How to communicate with your business bestie

Communication is key to any successful relationship, whether it’s a marriage, a friendship, or a business partnership. 

It’s so easy to get stuck in our heads and wonder why things go wrong instead of communicating. We often fall into the trap of believing that other people should be able to read our minds (or we try to read their minds) and completely neglect to find out what’s actually going on.

The good news is that communication is a skill, and skills can be learned. 

I talk about this all the time in podcast interviews with incredible female entrepreneurs. When I ask what makes a business partnership really work, communication is always one of the first (if not THE first) topic that comes up. 

So let’s look at some communication techniques that can take your business partnership (and any relationship) from good to great. 

Our favourite communication techniques for you and your business bestie

1. Rate your commitment to your wants

Okay, what the heck do I mean by that?

You’ll run into situations when you want one thing and your business partner wants something else.  This happens in all relationships, and we often make the mistake of thinking that our partner wants the same thing we do. Or maybe we’re not that set on our desire and we don’t realise how important this is to our partner. 

A brilliant way to clarify this is for both of you to rate your desires on a scale of 1 to 10. For example, maybe your partner really wants to invest in a training for your contractors and you think it’s a waste of money. You might think you’re equally matched here. But if you both rate your feelings, you might realise that one person is way more invested in their position.

Maybe your partner is an 8 on a scale of 1 to 10 and really wants that training. She thinks it would make a huge difference in your business and she’s confident that you could earn back the investment ten times over. But maybe you’re just a 4. You think you could use that money another way and you aren’t super excited about the training, but you know this investment wouldn’t bankrupt you and you agree that the training might have some benefits.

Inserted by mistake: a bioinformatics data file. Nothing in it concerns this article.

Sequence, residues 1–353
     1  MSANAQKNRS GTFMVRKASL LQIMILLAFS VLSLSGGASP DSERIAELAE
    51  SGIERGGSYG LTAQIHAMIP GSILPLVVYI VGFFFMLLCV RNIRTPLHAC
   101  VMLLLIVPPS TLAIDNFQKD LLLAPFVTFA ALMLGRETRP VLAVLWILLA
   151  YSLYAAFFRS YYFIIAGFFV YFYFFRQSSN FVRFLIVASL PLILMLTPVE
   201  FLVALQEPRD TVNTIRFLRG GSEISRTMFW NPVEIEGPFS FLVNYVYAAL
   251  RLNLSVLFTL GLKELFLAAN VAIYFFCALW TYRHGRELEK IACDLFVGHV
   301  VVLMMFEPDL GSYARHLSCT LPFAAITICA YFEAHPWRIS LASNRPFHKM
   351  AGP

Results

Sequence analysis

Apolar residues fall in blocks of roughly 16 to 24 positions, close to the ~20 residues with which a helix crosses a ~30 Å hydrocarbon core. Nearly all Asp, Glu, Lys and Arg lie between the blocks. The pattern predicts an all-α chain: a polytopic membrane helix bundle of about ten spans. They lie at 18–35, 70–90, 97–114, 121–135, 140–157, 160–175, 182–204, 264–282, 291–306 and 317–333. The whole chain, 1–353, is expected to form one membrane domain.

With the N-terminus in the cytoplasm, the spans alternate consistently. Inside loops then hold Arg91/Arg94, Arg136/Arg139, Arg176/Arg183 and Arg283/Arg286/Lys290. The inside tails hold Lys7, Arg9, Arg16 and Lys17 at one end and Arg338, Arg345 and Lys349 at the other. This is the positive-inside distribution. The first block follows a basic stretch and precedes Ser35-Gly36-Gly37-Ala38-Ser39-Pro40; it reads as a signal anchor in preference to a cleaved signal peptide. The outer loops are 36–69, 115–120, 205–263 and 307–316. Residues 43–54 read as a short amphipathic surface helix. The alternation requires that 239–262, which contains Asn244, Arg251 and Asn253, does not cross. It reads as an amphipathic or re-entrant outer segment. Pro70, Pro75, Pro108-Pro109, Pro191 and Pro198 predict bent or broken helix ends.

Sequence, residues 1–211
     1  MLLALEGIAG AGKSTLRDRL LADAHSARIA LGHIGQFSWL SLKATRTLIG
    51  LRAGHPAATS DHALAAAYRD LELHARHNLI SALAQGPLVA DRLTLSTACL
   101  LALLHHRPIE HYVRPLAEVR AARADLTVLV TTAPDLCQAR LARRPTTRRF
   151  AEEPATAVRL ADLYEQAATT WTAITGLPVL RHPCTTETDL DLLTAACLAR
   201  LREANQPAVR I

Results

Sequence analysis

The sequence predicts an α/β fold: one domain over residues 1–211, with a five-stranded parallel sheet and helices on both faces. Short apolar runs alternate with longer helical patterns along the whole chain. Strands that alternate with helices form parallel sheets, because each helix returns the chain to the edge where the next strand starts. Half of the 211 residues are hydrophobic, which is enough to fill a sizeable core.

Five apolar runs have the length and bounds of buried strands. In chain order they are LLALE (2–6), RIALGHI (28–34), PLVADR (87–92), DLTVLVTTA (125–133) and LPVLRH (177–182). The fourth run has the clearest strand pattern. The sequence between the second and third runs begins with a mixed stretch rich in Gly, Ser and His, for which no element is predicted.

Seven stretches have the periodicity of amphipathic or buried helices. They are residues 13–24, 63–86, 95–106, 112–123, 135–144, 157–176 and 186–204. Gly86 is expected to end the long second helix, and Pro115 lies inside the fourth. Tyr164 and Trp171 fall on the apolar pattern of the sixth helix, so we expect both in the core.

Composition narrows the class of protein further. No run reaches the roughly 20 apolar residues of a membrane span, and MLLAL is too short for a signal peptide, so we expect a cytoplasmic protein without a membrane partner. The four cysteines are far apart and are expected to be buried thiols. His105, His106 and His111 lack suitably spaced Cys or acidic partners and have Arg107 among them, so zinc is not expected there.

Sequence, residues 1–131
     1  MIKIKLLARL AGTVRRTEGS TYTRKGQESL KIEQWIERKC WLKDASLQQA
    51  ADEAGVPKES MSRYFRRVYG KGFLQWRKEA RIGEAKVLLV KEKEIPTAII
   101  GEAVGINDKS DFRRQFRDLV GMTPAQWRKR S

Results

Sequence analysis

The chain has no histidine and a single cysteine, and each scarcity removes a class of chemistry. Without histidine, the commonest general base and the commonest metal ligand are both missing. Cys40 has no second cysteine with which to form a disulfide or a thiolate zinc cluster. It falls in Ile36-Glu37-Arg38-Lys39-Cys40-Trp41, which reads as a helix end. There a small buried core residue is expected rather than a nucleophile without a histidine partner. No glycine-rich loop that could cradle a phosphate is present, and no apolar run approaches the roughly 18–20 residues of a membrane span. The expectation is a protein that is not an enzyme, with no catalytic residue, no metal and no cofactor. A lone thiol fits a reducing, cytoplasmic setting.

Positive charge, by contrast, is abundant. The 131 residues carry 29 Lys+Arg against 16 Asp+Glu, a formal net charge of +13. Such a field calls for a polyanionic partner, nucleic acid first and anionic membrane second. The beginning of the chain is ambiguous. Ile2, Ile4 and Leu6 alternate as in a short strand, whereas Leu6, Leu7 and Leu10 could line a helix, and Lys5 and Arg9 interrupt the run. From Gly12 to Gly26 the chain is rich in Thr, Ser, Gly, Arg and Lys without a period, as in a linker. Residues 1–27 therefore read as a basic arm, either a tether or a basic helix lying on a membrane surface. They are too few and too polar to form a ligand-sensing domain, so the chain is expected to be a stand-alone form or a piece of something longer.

When you have that kind of clarity, you can start working on a solution. It might work best to yield to the person with the strongest desire, or you could work out a compromise. But you have to start with clarity. 

Which leads to my next point...

2. Seek first to understand

This one is HUGE. 

When we’re upset, our first instinct is to make ourselves understood. We want everyone to know how hurt WE are or how unfair this is for US. We’re usually happy to explain our side of things or our thoughts on a subject, but do we put the same effort into understanding someone else’s point of view? 

It’s difficult and counterintuitive, but understanding someone else’s point of view can solve a lot of issues before they escalate. 

So talk to your business partner and ask for her thoughts. Listen. Ask questions to clarify. 

And this doesn’t just apply to conversations about tense issues, but all conversations. Enter every interaction with the intention to understand. 

Remember, everyone acts in a way that is completely logical to them based on their own thoughts and feelings. When you understand those thoughts and feelings, their actions start to make a lot more sense.